Judges on the Ballot in Oklahoma: What you need to know

by | October 15th, 2014 | Posted in Elections | Comments (3)
Photo by julochka.

Photo by julochka.

This post is by OK Policy intern Forrest Farjadian. He is a senior at the University of Tulsa studying political science and Spanish.

Oklahoma is one of 39 states where voters have a role in selecting judges. On November 4, nine appellate court justices will appear on the statewide ballot for retention. Voters in many parts of the state will also be asked to select district and associate district judges in nonpartisan, competitive elections. Judicial elections usually don’t attract as much publicity as other races, so we’re taking a look at how judges are chosen, what’s at stake in the elections, and how you can learn about the candidates.

continue reading Judges on the Ballot in Oklahoma: What you need to know

“The 2014 Elections and the Future of Health Reform” Dr. Lawrence R. Jacobs, Director of the Center for the Study of Politics and Governance in the Hubert H. Humphrey School at the University of Minnesota

by | October 15th, 2014 | Posted in Upcoming Events | Comments (0)

Oklahoma Scholars Strategy Network & Oklahoma Policy Institute invite you to hear Dr. Lawrence R. Jacobs, Director of the Center for the Study of Politics and Governance in the Hubert H. Humphrey School at the University of Minnesota on Monday, November 10th at the Jim Thorpe Association & Oklahoma Sports Hall of Fame Event Center, 4040 N. Lincoln Blvd, Oklahoma City. Lunch will be served at 11:45am.

Dr. Jacobs will give a public talk on “The 2014 Elections and the Future of Health Reform”. The 2014 elections are likely to strengthen the power of Republicans in Congress, where Democrats may lose their majority. The Republican victory may, ironically, end up being good news for health reform by shifting the opposition from repeal toward accepting the Affordable Care Act and focusing both parties on reforms of its basic structure. This shift will be fostered by the institutional checks in Washington, the expansion of state health reform, and the new set of rights and expectations that are emerging. 

Jacobs has published 14 books and edited volumes and dozens of articles on elections, legislative and presidential politics, elections and public opinion, and a range of public policies including health care reform and American politics. His book, Health Care Reform and American Politics: What Everyone Needs to Know (revised and updated 2012), co-authored with Dr. Theda Skocpol, provides a definitive account of the political struggles that led to passage of the Affordable Care Act and the impact of the new law on American health care. Dr. Jacobs is a member of the national Steering Committee of the Scholars Strategy Network (SSN) and Director of the Minneapolis-St. Paul SSN Regional Network.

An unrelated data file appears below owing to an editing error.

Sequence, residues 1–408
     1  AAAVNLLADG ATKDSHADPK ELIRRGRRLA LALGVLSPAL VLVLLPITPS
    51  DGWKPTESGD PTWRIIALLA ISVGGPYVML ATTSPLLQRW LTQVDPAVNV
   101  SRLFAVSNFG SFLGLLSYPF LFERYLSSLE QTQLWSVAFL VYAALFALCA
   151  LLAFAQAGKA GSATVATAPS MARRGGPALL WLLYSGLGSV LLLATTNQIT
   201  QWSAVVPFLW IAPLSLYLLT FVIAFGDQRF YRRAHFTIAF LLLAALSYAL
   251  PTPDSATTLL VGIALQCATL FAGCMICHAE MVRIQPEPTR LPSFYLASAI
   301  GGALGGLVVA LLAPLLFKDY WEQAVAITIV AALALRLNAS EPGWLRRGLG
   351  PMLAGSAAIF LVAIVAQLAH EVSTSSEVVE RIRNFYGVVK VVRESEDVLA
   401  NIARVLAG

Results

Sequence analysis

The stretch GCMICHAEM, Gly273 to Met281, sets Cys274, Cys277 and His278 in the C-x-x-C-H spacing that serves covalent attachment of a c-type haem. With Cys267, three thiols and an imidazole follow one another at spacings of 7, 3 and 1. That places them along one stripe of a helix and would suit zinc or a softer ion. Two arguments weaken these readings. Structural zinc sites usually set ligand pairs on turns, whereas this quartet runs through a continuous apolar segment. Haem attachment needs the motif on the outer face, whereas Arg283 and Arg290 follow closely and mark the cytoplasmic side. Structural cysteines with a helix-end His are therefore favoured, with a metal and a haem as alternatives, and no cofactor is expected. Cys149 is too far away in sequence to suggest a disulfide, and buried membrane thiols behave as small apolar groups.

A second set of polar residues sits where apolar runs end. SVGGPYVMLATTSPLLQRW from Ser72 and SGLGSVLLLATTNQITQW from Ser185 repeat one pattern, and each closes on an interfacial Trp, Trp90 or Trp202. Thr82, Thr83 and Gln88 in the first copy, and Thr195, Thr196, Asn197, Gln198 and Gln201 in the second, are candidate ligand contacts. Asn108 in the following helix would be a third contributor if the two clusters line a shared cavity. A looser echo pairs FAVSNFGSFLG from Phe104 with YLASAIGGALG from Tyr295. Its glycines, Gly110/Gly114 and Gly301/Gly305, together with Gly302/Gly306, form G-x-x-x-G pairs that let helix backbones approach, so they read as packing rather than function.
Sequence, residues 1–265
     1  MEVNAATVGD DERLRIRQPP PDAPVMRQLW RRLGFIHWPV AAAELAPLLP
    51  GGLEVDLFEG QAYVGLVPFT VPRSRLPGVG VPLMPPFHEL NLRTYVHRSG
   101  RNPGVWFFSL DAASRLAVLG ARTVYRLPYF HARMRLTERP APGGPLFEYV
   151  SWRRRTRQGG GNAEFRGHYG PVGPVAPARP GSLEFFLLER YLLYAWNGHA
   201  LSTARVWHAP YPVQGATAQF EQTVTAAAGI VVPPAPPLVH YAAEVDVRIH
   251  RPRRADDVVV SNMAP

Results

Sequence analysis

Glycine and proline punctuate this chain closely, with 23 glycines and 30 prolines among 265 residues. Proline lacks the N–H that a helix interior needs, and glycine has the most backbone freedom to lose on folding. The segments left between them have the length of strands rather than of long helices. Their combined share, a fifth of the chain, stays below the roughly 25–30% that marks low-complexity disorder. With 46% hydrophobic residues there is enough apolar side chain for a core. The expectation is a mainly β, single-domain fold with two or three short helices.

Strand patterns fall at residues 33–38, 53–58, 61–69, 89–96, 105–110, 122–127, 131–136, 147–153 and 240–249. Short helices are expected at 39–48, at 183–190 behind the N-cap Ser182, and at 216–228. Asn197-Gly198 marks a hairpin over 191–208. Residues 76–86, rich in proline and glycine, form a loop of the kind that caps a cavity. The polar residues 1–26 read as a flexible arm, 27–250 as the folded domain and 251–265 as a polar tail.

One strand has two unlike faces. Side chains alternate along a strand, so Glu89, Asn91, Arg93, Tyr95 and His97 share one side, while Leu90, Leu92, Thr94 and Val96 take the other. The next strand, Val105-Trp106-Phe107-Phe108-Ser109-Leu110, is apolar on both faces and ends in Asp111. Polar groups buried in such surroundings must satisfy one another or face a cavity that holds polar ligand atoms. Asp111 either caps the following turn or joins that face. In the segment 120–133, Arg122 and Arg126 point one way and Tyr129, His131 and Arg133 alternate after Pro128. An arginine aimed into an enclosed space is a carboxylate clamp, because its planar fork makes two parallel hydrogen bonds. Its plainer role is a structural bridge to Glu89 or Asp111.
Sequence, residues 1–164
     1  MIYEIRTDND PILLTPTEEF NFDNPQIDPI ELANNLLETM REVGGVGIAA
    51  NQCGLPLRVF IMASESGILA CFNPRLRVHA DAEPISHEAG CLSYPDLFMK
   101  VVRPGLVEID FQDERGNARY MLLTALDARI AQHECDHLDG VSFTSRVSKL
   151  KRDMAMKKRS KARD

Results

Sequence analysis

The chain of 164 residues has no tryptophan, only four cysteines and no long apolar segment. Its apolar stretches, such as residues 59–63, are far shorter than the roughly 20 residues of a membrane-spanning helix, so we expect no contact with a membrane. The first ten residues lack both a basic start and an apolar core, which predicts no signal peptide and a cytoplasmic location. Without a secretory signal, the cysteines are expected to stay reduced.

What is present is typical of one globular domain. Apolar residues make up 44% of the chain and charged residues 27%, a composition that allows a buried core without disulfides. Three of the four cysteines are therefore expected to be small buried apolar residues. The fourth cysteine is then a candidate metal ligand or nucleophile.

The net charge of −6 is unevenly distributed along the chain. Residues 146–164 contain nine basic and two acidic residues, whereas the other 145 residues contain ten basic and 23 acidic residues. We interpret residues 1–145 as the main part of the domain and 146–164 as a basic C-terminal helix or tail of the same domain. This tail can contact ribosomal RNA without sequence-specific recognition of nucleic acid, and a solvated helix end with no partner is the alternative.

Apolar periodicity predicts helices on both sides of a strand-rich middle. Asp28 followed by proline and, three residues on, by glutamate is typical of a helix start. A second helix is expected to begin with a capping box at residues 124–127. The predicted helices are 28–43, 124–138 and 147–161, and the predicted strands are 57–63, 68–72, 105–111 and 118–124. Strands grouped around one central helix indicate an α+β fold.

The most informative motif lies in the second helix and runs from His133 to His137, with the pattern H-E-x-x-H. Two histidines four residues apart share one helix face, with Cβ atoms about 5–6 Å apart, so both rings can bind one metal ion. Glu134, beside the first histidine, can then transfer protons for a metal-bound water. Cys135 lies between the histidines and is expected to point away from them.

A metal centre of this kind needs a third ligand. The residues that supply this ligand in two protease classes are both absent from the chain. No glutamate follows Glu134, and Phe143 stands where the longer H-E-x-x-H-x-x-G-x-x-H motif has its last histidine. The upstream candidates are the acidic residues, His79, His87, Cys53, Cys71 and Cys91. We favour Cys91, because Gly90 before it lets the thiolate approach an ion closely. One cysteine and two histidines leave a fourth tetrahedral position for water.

Seating is limited so please reserve your spot today!

In The Know: State Supreme Court hears arguments in tax cut challenge

by | October 15th, 2014 | Posted in Blog | Comments (0)

In The KnowIn The Know is a daily synopsis of Oklahoma policy-related news and blogs. Inclusion of a story does not necessarily mean endorsement by the Oklahoma Policy Institute. You can sign up here to receive In The Know by e-mail.

Oklahoma Supreme Court justices interrupted the state’s solicitor general repeatedly with questions during oral argument in a case challenging the constitutionality of an income tax cut passed earlier this year. State Health Commissioner Terry Cline says no cases of Ebola have been reported in Oklahoma, but the state is ready in case of outbreak.

The OK Policy Blog examines two state ballot questions that would expand property tax breaks for certain military personnel and their families. An editorial in The Oklahoman pointed out that a bill to expand DNA testing of persons charged with some crimes might be set back by testimony from the Oklahoma State Bureau of Investigation that thousands of tests already mandated under existing law go undone. 

Only 2 percent of U.S. colleges and universities are giving students the best tools for success, according to a new report by the American Council of Trustees and Alumni, and The University of Science and Arts of Oklahoma is among them. Protesters are planning to demonstrate at Oklahoma City University’s International Energy Conference this week.

The Number of the Day is the number of active underground storage tanks in Oklahoma carrying hazardous substances or petroleum. In today’s Policy Note, Politico surveys the fluid, confusing legal environment facing immigration courts as thousands of migrant children from Central America process through the system, many without representation.

continue reading In The Know: State Supreme Court hears arguments in tax cut challenge

SQ 770 & 771 would expand property tax breaks for some veterans and their families

by | October 14th, 2014 | Posted in Blog, Taxes | Comments (0)

pennsylvania national guardAfter Oklahoma voters decided twenty state questions in 2010 and 2012, including several broad and contentious issues, this November’s ballot may seem anticlimactic. Oklahoma voters will have just three state questions to decide, none of which are especially momentous. Two of these, SQ 770 & SQ 771, involve homestead exemptions for certain military personnel and their families.

In Oklahoma, most homeowners get the first $1,000 of the assessed value of their primary residence, also known as their homestead, exempted from property tax.  Some categories of homeowners, including low-income families and seniors, are provided a larger exemption.

In 2004, Oklahoma voters overwhelmingly approved SQ 715. The measure amended the state Constitution (Article X, Section 8E) to fully exempt veterans with a 100 percent permanent disability from paying any property tax on their homestead property. The exemption also applied to the disabled veteran’s surviving spouse.

continue reading SQ 770 & 771 would expand property tax breaks for some veterans and their families